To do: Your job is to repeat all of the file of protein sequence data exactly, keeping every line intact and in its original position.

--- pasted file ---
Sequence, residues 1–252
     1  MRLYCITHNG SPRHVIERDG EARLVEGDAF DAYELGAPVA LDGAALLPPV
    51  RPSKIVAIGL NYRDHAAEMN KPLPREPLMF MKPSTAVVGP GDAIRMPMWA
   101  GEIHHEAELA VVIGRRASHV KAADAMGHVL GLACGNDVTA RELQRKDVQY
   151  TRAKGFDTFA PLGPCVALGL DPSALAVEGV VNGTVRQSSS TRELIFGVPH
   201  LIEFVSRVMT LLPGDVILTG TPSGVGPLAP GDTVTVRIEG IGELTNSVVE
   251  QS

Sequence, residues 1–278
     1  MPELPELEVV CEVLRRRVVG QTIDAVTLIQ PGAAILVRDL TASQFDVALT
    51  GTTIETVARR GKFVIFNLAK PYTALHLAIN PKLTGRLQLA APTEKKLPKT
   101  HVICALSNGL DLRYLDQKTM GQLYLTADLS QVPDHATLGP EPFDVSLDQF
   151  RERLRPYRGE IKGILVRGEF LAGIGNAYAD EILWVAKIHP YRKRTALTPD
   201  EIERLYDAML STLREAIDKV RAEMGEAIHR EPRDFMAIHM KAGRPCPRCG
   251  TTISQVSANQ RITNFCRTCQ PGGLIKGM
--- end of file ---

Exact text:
Sequence, residues 1–252
     1  MRLYCITHNG SPRHVIERDG EARLVEGDAF DAYELGAPVA LDGAALLPPV
    51  RPSKIVAIGL NYRDHAAEMN KPLPREPLMF MKPSTAVVGP GDAIRMPMWA
   101  GEIHHEAELA VVIGRRASHV KAADAMGHVL GLACGNDVTA RELQRKDVQY
   151  TRAKGFDTFA PLGPCVALGL DPSALAVEGV VNGTVRQSSS TRELIFGVPH
   201  LIEFVSRVMT LLPGDVILTG TPSGVGPLAP GDTVTVRIEG IGELTNSVVE
   251  QS

Sequence, residues 1–278
     1  MPELPELEVV CEVLRRRVVG QTIDAVTLIQ PGAAILVRDL TASQFDVALT
    51  GTTIETVARR GKFVIFNLAK PYTALHLAIN PKLTGRLQLA APTEKKLPKT
   101  HVICALSNGL DLRYLDQKTM GQLYLTADLS QVPDHATLGP EPFDVSLDQF
   151  RERLRPYRGE IKGILVRGEF LAGIGNAYAD EILWVAKIHP YRKRTALTPD
   201  EIERLYDAML STLREAIDKV RAEMGEAIHR EPRDFMAIHM KAGRPCPRCG
   251  TTISQVSANQ RITNFCRTCQ PGGLIKGM